Employee compensation: Make bonuses motivational
A. Bonus programs reflect a company’s definition of success, how that definition is measured, and the extent to which that measurement is met.
Bonuses are typically tied to two primary measures: How well an employee is performing in his/her position; and how well the company is doing with respect to its expectations i.e. revenue, profit, customer satisfaction, etc.
Individual and group performance goals can be challenging to set—they should be neither too ambitious nor too easy to achieve. In successful programs, goals are set on a prior year’s actual performance. Goals can be set to be paid out annually or quarterly, which can motivate lower salaried employees.
Bonuses are meant to reward employees and should be motivational. Establishing clear goals, timing of payout and the ability for an employee to impact the goal is critical for success.
Some companies have seniority-based programs; however, in my experience, bonuses should never be awarded based on seniority. For example, you might have one employee who has worked for a company for eight years but is always late and performs at a minimal level, while another employee who has only worked for the company for three years always strives to do more work and improve quality.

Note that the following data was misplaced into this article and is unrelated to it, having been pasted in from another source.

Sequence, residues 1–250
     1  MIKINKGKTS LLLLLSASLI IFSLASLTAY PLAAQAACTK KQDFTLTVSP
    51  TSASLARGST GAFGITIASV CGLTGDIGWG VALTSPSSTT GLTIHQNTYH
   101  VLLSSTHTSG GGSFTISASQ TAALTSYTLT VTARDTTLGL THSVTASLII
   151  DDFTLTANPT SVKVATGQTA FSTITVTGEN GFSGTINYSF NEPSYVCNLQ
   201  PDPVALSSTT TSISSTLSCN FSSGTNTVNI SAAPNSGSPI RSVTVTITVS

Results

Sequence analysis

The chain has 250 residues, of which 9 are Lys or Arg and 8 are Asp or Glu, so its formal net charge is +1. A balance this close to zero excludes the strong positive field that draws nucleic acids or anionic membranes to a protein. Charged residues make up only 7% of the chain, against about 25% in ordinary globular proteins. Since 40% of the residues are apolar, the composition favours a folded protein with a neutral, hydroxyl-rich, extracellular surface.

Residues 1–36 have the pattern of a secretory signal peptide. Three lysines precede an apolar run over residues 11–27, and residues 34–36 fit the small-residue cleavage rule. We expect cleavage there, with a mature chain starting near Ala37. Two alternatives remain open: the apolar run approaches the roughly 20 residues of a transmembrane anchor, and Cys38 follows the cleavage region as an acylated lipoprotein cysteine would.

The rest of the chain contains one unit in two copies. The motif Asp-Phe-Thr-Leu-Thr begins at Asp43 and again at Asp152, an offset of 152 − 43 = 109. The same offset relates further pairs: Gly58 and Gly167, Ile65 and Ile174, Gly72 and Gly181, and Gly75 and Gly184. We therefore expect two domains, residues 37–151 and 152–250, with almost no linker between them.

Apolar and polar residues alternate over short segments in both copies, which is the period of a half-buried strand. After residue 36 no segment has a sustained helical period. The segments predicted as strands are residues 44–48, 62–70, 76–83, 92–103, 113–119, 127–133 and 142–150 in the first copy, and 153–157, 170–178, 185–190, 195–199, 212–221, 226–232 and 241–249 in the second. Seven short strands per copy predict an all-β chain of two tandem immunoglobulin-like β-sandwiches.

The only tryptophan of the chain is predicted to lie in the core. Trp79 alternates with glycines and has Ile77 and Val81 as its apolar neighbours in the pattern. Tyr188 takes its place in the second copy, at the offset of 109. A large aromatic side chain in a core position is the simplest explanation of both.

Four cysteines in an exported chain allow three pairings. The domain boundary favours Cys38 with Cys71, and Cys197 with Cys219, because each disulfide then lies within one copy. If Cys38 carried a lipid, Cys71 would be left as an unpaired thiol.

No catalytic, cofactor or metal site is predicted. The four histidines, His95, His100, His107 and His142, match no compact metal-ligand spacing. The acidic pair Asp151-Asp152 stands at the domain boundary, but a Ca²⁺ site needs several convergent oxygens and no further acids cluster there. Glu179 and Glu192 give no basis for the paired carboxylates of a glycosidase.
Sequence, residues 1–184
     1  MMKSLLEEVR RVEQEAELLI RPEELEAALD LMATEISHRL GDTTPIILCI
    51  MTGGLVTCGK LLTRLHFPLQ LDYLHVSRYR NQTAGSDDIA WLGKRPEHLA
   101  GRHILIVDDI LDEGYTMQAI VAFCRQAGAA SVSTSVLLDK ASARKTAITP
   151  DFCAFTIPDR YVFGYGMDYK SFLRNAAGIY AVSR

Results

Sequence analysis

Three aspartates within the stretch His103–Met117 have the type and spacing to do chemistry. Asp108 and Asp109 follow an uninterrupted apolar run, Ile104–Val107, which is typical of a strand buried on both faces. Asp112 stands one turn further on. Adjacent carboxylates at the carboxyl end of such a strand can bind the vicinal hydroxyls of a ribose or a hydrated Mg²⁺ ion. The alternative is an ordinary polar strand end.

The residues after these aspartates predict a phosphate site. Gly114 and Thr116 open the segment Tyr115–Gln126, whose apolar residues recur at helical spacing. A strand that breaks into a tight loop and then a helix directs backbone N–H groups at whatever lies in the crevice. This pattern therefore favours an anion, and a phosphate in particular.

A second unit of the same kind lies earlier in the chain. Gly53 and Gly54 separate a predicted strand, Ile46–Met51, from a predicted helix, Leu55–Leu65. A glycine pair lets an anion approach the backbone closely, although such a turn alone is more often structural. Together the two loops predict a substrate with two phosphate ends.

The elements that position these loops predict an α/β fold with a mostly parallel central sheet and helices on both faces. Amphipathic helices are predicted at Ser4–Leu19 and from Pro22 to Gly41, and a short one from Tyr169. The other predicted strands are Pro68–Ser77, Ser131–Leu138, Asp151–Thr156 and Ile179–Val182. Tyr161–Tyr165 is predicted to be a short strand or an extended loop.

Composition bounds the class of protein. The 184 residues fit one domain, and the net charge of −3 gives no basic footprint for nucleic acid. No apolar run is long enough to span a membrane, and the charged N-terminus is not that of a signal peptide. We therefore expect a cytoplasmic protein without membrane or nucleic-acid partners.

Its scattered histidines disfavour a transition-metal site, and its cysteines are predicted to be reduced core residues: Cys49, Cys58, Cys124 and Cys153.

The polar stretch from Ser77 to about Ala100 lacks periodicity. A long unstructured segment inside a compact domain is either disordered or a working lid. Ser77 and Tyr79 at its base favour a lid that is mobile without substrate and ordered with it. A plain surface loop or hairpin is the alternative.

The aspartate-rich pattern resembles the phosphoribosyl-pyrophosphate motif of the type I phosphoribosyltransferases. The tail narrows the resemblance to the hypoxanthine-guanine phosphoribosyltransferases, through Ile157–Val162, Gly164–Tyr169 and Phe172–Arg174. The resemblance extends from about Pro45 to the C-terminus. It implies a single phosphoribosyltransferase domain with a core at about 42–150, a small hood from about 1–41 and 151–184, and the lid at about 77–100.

Effective bonus programs include individual performance goals as well as the performance of a team, division or company. Under these types of bonus programs, a portion, typically half of the bonus, is tied to an individual performance or goal and the other half is tied to a larger corporate goal.
Ana McGary is president of PeopleFirst Enterprises. Reach her at firstname.lastname@example.org.